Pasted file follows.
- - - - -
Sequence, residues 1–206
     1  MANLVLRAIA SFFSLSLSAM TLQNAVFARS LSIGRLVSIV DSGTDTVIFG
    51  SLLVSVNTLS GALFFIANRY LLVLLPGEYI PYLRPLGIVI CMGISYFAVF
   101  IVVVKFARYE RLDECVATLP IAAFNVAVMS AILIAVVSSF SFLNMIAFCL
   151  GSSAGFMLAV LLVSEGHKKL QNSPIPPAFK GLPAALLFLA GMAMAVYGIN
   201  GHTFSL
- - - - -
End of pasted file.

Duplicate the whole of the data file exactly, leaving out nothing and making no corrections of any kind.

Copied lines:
Sequence, residues 1–206
     1  MANLVLRAIA SFFSLSLSAM TLQNAVFARS LSIGRLVSIV DSGTDTVIFG
    51  SLLVSVNTLS GALFFIANRY LLVLLPGEYI PYLRPLGIVI CMGISYFAVF
   101  IVVVKFARYE RLDECVATLP IAAFNVAVMS AILIAVVSSF SFLNMIAFCL
   151  GSSAGFMLAV LLVSEGHKKL QNSPIPPAFK GLPAALLFLA GMAMAVYGIN
   201  GHTFSL